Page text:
This weekend I was fortunate enough to take the inaugural Force on Force Team Tactics class at MVT (the prerequisite is Combat Team Tactics). All I can say is that Max and First Sergeant really put their heart and soul into making this the most creative and dynamic training experience possible! This class took the material that you learned in CTT to the next level – actually applying those principals against live opponents who not only fired back, but also moved around and used team tactics against you.
The class started on a miserable Saturday – snow, sleet, rain, cold. What more could you want?! Despite the bad weather, 15 hardy and enthusiastic “crash-test dummy” students showed up, ready to try out this new class, learn and have fun. We started the day with a thorough gear check — no live ammo, side arms, or knives allowed. This class used UTM Man Marker Rounds, training ammunition in which your AR-15 is retrofitted with a special blue bolt that has an off-center firing pin. Even if a live round accidentally made its way into one of the inspected and taped mags (unlikely given the scrutiny), it could not be fired.
The UTM ammo itself is pretty interesting. It has 2 primers, one that fires a small, colored piece of wax (looks like a tip of a crayon in a little plastic cage which shatters upon impact), and another that cycles the action. My rifle didn’t have a single malfunction using this ammo. You had to shoot a bit high – the max effective range is 50 yards, but it starts dropping off before that. At 35 yards I had to aim at the shoulders for a center mass hit using a rifle zeroed for real .223 ammo.
Protective gear was also issued – a special UTM mask with a wrap-around neoprene shroud, and an airsoft helmet if you did not already have one. While this mask was not hot in the 40 deg F weather, I cannot imagine using it in the summer months. It was like breathing through a gas mask running through the woods and up and down hills. I would think that the mesh mask that Max used would be much better.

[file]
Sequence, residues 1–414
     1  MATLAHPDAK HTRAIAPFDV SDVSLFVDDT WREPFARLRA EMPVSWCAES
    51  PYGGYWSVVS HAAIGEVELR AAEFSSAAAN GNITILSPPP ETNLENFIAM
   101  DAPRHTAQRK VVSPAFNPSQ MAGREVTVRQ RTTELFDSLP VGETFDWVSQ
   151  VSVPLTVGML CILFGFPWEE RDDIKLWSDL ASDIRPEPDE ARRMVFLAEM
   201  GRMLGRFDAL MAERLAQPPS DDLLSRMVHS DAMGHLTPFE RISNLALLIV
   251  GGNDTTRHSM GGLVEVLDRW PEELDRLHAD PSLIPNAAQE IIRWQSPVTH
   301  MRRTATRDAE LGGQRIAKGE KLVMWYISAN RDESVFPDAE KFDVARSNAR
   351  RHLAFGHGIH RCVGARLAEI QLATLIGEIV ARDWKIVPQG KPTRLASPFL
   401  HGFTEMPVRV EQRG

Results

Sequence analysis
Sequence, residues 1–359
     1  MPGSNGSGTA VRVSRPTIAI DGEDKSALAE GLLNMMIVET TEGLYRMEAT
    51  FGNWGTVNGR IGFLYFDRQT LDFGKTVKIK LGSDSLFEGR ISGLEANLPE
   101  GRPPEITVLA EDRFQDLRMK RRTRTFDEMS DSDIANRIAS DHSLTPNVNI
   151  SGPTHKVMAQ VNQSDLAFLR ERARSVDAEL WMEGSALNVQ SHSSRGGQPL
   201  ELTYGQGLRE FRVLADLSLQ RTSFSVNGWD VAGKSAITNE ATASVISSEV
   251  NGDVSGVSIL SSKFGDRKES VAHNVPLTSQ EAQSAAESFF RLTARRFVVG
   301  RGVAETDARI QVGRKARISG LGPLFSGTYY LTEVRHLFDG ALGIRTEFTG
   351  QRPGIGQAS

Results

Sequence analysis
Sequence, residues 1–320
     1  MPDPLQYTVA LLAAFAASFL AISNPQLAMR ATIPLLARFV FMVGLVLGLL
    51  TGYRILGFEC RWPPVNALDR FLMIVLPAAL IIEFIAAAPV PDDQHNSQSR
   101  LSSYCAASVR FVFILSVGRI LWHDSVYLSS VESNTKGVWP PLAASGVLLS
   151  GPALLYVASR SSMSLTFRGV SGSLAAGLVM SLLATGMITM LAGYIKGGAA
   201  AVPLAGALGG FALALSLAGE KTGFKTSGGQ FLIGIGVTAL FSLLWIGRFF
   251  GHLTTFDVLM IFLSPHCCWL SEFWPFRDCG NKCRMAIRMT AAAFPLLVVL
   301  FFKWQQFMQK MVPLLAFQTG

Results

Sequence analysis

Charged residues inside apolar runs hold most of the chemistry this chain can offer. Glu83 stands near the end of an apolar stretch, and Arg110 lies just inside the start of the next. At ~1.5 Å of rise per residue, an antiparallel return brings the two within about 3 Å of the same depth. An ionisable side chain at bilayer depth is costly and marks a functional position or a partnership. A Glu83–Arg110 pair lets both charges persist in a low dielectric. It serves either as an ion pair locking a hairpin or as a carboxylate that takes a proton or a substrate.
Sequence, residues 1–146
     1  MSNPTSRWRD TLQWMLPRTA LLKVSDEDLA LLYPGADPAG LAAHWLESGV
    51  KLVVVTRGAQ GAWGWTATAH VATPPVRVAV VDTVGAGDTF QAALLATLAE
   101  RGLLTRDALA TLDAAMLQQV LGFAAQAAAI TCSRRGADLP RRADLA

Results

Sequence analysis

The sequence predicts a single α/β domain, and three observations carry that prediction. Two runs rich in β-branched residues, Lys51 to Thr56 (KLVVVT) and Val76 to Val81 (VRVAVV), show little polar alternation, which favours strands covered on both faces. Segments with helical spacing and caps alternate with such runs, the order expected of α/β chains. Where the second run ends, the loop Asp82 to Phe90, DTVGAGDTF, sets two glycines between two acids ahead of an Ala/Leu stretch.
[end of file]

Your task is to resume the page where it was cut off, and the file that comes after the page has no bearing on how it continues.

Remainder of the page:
Max Adds: Mesh masks are authorized, see the Force on Force Team Tactics page for details. These are more comfortable and allow good air circulation / breathing.
The students came from all over the country – as far away as California, and from all walks of life – were divided up into two squads, red and blue. After the administrative stuff was done, we hiked up to the top of the ridge, then reviewed and dry rehearsed some of the maneuvers learned in CTT. Most were at least a little rusty. After cleaning out the cob webs, We did many of the same drills that we learned in CTT — except that instead of crazy Ivan the popup, live enemy were firing back! After a short break for lunch, the fun resumed with more drills. It was a totally different experience when someone is shooting back at you — when you start getting hit, you become more cautious and take cover more aggressively!
The next day was the really fun day — the scenarios. And it was better weather too. For each exercise, both squads were given a “base” to defend, with a colored smoke grenade. The object was to capture and set off the other squad’s smoke first! This was the innovative heart of this new class. Given the constraints (primarily terrain and number of team members), a squad could come up with a plan as creative and as risky as they wanted. An instructor (either Max or First Sergeant) was embedded with each squad to both observe, critique, and referee the action. Different strategies were tried in the scenarios that were fought. The most common overall strategy was to divide the squad into a defending team and an assault team, with specific plans for each, but this wasn’t always the case. Plans were put into place to defend the base, to assault the other squad’s base, for laying ambushes, etc.
Mastery of the basics proved to be critical – communication, decisively moving as a unit with discipline, controlling your fire and taking good cover, among others. Without good execution, the best laid plans fell apart, even resulting in casualties from friendly fire!
The biggest benefit from taking this class is that it takes you from doing drills mechanically to thinking dynamically and employing previously learned tactics in ever fluid situation. And selecting the right tools (tactics) for the job while you are under pressure. Sure, you are going to screw up… and people will get “killed” (figuratively) as a result. But better to learn your lessons here, than in real life SHTF. Just like the military does with Red Flag! And like Red Flag, I personally feel that everyone who is serious should be taking this class on a periodic basis as recurrent training. I know I sure will make a point to take it at least once a year.